Books purchased through this link supports our work.AmazonLogo.gif (1915 bytes)  

Casting Out Your Demons by Fr. Harmon Skillin

 
         One of Jesus' most startling ministries was casting out demons.   Mean, ugly and devastating to those possessed, the demons would yell and scream, identifying him as the Son of God, and violently departing from their host as Jesus cast them out.  A scary scene, although a powerfully victorious scene of the power that Jesus has over evil.

What about demons today?  Does such devastating evil exist in our world?  I think it does.  Not, perhaps, in the form it appeared in Scriptures’ times, but real and devastating nonetheless.  For example, remember the saga of Elian, the Cuban boy who was at the center of an international tug of war.  Without taking sides, look at the evil that has surrounded that child.  What do you think the boy heard as he sat at table in his US home, as he walked around his neighborhood, as he watched TV, as he looked at a newspaper?  He was surrounded by hate.  He was the victim of the use of a human person as a weapon in a psychological war.  What will he be like when he's eighteen years old with evil having played with this boy's life?  

Or consider the young girls who have babies, and then throw them into garbage cans.  What kind of evil has entered their lives that would result in such a horrid action?  It must be a huge evil, because I don't think that a person does such a thing all by herself.  Things are going on in her life that involves other people, other situations, and other pressures.  And none of them could be good if that's the kind of action that results.  It's evil, and it's a scary evil.

What does the gospel call us to do? We have put on Christ.  So I think it means that we have power over Satan and evil.  The first thing we have to do is cast the demons out of ourselves--the demon of fear, for instance.  St. John tells us that perfect love casts out all fear.  We can let fear paralyze us from developing into the full, loving person God has in mind.  We can be afraid of making mistakes, and so do nothing, or worse, do evil.  We can let fear of embarrassment hold us back from growing up.  We can let fear keep us from sharing our weaknesses with our children or letting them see us deal with difficulties.  That's evil.

Consider the evil of inappropriate priorities.  Do we ever sit down and ask ourselves: "Why am I alive?"  Is it just to make money, or get a big house, or the slickest car, or to one‑up the neighbor or my family members?  Is the rest of the world a priority for me, especially the Third World, or the poor of our world?  Ignoring the rest of humanity for my self‑enrichment is an evil in today's world, a real and devastating evil.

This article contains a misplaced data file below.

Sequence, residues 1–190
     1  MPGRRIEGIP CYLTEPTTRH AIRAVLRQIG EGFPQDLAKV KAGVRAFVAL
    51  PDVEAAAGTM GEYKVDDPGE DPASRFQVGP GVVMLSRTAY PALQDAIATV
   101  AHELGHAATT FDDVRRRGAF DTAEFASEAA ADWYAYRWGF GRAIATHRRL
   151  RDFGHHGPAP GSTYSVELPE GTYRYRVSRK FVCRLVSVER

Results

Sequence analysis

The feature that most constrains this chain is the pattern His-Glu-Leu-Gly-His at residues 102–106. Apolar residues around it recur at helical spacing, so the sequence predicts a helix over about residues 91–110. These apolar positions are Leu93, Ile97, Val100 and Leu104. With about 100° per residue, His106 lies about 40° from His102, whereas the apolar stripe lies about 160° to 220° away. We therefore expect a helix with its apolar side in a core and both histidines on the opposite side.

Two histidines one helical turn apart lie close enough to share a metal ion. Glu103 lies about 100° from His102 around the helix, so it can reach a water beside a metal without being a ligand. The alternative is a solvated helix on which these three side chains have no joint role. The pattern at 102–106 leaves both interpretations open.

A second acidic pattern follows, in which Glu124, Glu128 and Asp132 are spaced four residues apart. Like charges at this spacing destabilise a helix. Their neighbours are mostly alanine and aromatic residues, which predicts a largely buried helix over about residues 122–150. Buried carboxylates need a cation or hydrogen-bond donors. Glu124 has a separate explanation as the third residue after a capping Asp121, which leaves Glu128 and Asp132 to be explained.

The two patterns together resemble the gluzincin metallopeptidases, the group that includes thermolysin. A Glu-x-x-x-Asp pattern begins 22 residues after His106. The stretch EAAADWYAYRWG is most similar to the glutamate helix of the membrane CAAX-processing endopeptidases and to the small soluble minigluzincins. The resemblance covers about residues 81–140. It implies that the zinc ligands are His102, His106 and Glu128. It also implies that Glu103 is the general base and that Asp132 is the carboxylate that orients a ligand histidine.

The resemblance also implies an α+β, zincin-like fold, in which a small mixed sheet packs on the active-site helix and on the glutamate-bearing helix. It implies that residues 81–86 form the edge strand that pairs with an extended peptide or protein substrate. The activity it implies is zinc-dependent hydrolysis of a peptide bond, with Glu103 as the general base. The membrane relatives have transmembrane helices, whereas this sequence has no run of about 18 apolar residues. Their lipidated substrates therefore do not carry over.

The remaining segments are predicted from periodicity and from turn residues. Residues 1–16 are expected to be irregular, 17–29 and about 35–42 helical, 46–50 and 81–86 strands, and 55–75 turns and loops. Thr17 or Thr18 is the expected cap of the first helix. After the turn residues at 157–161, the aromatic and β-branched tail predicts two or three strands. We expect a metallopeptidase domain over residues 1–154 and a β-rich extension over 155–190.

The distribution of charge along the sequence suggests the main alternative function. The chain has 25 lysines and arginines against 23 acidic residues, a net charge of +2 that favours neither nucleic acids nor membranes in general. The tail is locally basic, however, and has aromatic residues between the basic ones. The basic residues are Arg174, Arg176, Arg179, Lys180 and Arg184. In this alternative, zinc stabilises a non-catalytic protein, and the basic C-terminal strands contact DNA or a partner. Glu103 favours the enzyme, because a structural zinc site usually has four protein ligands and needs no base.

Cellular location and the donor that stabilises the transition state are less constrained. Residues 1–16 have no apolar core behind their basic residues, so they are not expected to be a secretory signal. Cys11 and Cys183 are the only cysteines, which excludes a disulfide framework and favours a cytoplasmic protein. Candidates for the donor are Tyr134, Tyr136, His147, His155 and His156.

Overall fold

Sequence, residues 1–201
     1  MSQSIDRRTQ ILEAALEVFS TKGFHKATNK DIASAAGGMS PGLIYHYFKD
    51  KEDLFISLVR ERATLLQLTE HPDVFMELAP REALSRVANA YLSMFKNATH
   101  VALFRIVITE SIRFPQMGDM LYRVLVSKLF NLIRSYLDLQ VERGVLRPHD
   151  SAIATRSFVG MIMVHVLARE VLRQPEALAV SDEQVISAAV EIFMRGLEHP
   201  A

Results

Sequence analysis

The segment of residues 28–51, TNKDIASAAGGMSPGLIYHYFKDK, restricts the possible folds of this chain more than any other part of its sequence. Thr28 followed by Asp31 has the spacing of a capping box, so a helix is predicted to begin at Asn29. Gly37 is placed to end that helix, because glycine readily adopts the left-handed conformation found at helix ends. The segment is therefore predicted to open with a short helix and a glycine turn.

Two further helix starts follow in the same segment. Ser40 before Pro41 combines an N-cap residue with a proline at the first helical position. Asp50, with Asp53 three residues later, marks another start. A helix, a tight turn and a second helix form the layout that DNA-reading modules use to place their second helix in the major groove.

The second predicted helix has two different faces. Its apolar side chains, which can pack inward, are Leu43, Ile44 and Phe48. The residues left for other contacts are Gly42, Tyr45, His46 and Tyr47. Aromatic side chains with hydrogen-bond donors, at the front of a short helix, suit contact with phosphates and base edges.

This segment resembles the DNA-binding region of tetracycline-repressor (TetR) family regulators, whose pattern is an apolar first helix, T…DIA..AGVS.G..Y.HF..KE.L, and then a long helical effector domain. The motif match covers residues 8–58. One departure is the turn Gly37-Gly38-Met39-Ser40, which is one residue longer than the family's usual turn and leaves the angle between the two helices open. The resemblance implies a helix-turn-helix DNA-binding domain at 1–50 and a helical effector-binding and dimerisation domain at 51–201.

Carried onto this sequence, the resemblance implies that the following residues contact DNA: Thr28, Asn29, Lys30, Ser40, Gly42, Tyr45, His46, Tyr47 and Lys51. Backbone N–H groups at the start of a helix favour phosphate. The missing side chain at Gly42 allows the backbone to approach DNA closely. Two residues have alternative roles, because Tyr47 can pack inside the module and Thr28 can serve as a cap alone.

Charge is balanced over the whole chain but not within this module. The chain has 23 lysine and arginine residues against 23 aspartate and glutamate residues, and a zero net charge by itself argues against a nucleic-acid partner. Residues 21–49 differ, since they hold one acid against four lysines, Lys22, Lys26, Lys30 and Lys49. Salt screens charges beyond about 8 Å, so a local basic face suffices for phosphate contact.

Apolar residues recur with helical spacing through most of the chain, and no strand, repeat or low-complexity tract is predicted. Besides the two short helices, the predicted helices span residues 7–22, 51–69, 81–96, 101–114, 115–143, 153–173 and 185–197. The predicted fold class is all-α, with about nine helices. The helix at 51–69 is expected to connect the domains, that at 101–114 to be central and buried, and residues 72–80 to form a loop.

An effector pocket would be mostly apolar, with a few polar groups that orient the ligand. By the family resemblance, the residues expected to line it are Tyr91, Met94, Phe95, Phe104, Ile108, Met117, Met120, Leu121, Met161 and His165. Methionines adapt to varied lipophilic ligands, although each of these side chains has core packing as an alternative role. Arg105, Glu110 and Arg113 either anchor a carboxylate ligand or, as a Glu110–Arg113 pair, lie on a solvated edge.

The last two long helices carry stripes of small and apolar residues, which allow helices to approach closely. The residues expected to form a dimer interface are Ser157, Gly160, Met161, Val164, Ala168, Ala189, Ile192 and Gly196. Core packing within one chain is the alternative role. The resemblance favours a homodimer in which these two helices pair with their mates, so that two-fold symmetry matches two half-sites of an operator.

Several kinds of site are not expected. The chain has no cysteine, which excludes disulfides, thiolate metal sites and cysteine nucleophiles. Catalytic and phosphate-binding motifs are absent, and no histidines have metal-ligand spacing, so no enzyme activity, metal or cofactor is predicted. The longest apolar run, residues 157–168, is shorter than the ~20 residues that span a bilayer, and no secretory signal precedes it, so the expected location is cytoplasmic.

Consider the evil of ignoring or misusing the body of Christ, the mystical body of Christ.  I think here of people who send their children to Catholic school and pass themselves off as practicing Catholics at the time of registration.  They give the appearance of being Catholic, but could care less what happens in the Catholic Church.  Worse, they don't even go to Mass with their children on Sunday.  They bundle their collection envelopes and deposit them in the Rectory mail box to get the “participating Catholic” tuition reduction.  That is living a lie.  And their children will come to see it's a lie.  So what have they done to the child’s respect for truth?  The same scenario applies to people who drop their children off at catechism classes, but have nothing to do with the Church after that.   

Consider the evil of people whose only interest is their own spiritual life, and have no concern or even disdain for the spiritual life of their Christian brothers and sisters.   Consider the evil of those who harbor prejudicial attitudes about those “other” people who use our church—those foreigners or those Charismatics.  These are some of the evil demons that exist today, and exist in too many of us.   We are the Body of Christ.   We have put on Christ.  We have the power of the Holy Spirit.  It is time for us to cast out our own demons.   

Fr. Harmon Skillin is the Pastor of St. Luke’s Parish, Stockton 

 
Read other articles of spiritual enlightenment in the December 2000 edition of the San Francisco Charismatics or return to the Main Menu by clicking on the blue. cpa2.GIF (2573 bytes)